Claimant testified that she can shower and dress herself, but on a bad day, she cannot shower. (Tr. 57). The ALJ noted how her testimony is differing from the testimony she provided at the previous hearing. (Tr. 57). Claimant apologized for giving only testimony as to her present condition not covering a time from her alleged onset date to the present. (Tr. 58). She spends a lot of time lying on the coach watching television and about every thirty minutes she changes her position. (Tr. 59). Claimant testified that she is not able to last eight hours without lying down. She usually has to lie down three to four times in an eight hour day. (Tr. 59).

2. Testimony of Vocational Expert

Vocational Expert Delores Gonzalez testified at the hearing. (Tr. 61-67, 133-36). Ms. Gonzalez found Claimant's records and testimony show she has work experience as a nurse. (Tr. 61). Ms. Gonzalez noted how Claimant worked as a registered nurse, classified as medium, skilled work with diabetes education as part of her job duties. (Tr. 62). Based on Claimant's testimony, the nursing skills as she performed them would have ranged from light to medium. (Tr. 64). Ms. Gonzalez listed customer service, bandaging, disinfecting, interviewing, injecting, inoculating, taking pulses, supervisory skills without managerial, clerical, computer skills as transferable work skills. (Tr. 64-65). The ALJ noted how her "medical records suggest that she is functionally limited to light exertional work. She should avoid ropes, ladders, and scaffolding. She can occasionally do stooping, crouching and crawling. She should avoid hazardous heights." (Tr. 66). The ALJ opined that "[a]lthough the claimant has not for quite a while received any type of psychiatric care, despite her allegations of a disabling mental impairment, I will extend to her the lightest possible latitude in developing her functional capacity and limit her to unskilled work." (Tr. 66). Ms. Gonzalez opined with those limitations, Claimant cannot perform any of her past relevant work. (Tr. 66).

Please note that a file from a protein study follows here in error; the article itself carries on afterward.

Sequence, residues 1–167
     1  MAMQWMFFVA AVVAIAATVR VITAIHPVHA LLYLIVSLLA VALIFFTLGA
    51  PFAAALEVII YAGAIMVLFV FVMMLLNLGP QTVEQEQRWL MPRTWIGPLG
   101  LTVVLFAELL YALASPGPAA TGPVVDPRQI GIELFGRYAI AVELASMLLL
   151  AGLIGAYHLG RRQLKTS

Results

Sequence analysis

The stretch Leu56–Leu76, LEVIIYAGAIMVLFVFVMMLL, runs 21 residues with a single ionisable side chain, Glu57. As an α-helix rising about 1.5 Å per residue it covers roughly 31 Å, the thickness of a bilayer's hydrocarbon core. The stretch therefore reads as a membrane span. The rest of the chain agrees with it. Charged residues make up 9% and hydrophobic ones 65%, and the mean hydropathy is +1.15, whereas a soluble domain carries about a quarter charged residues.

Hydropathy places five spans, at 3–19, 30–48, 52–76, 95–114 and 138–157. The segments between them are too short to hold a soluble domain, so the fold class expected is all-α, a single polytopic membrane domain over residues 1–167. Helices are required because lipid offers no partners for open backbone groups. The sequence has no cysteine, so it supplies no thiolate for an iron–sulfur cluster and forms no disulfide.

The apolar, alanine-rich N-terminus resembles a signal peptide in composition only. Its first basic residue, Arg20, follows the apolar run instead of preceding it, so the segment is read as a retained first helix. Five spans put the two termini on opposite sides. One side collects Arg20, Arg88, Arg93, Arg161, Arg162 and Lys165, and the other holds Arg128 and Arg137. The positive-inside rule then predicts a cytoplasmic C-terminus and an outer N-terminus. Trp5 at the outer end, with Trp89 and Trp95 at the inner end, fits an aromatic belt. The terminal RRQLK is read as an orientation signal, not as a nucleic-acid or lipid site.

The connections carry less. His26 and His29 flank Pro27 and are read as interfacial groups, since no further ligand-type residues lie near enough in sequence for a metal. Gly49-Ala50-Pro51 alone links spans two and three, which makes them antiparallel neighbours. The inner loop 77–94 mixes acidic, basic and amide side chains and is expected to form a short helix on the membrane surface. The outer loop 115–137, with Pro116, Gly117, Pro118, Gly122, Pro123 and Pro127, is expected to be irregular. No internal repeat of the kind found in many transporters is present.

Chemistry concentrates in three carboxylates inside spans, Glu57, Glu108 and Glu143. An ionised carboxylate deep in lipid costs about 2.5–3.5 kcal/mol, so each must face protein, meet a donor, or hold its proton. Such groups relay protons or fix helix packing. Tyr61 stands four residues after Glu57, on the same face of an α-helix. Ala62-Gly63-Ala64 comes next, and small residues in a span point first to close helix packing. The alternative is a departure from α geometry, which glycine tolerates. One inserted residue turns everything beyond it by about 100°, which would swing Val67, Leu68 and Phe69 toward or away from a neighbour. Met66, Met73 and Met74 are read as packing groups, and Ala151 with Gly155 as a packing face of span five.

The ALJ asked Ms Gonzalez to assume that

a hypothetical individual with the claimant's educational background, vocational profile and residual functional capacity has the ability to perform [any jobs] that exist in significant numbers on a regional and national level? If yes, please identify those jobs by providing the DOT number, the number of positions available on a regional and national level.

(Tr. 66). Ms. Gonzalez cited an order caller, a light and unskilled job with 2, 815, 240 jobs available nationally, 68, 140 available in Missouri, and 31, 070 available in the St. Louis metropolitan area; a furniture rental consultant, light and unskilled, with 416.950 jobs available nationally, 7, 310 in Missouri, and 4, 170 in the St. Louis metropolitan area; and a private company mail clerk, light and unskilled, with 131, 750 jobs available nationally, 3, 430 in Missouri, and 1, 680 in the St. Louis metropolitan area. (Tr. 66-67).

Claimant's counsel asked Ms. Gonzalez the following:

... if you assume that Ms. Pickle needs to sit and stand frequently and that she can neither sit nor stand for more than 30 minutes at a time, that she needs to lie down several times during an eight-hour day, is she still able to do these three jobs that you identified?

(Tr. 67-68). Dr. Cook opined

Well, usually people work two hours, take a short break, work another two hours, lunch hour, two hours, break, two hours. You know, if that's possible, then those jobs could be performed. The jobs that I cited were done with a sit-stand option, so the person could change positions at will, however, if the person needs to take breaks where the person would need to lie down at will, not within the parameters of the breaks that are normally given, customarily given, then the person would need to be accommodated and not be able to work competitively.

(Tr. 68). Claimant testified that two hours is the longest she has gone without taking a break to lie down. (Tr. 68).

3. Open Record

At the end of the hearing, the ALJ noted she would leave the record open for three weeks so that counsel could submit records from Barnes-Jewish evidencing her last date she worked. (Tr. 69). Counsel provided that requested documentation showing that Claimant's employment status had been inactive as of October 5, 2006 at BJC Healthcare. (Tr. 258). The evidence submitted from Lincoln County Medical Center showed she had worked as a part-time registered nurse from September 29, 2006 through December 26, 2006. (Tr. 259).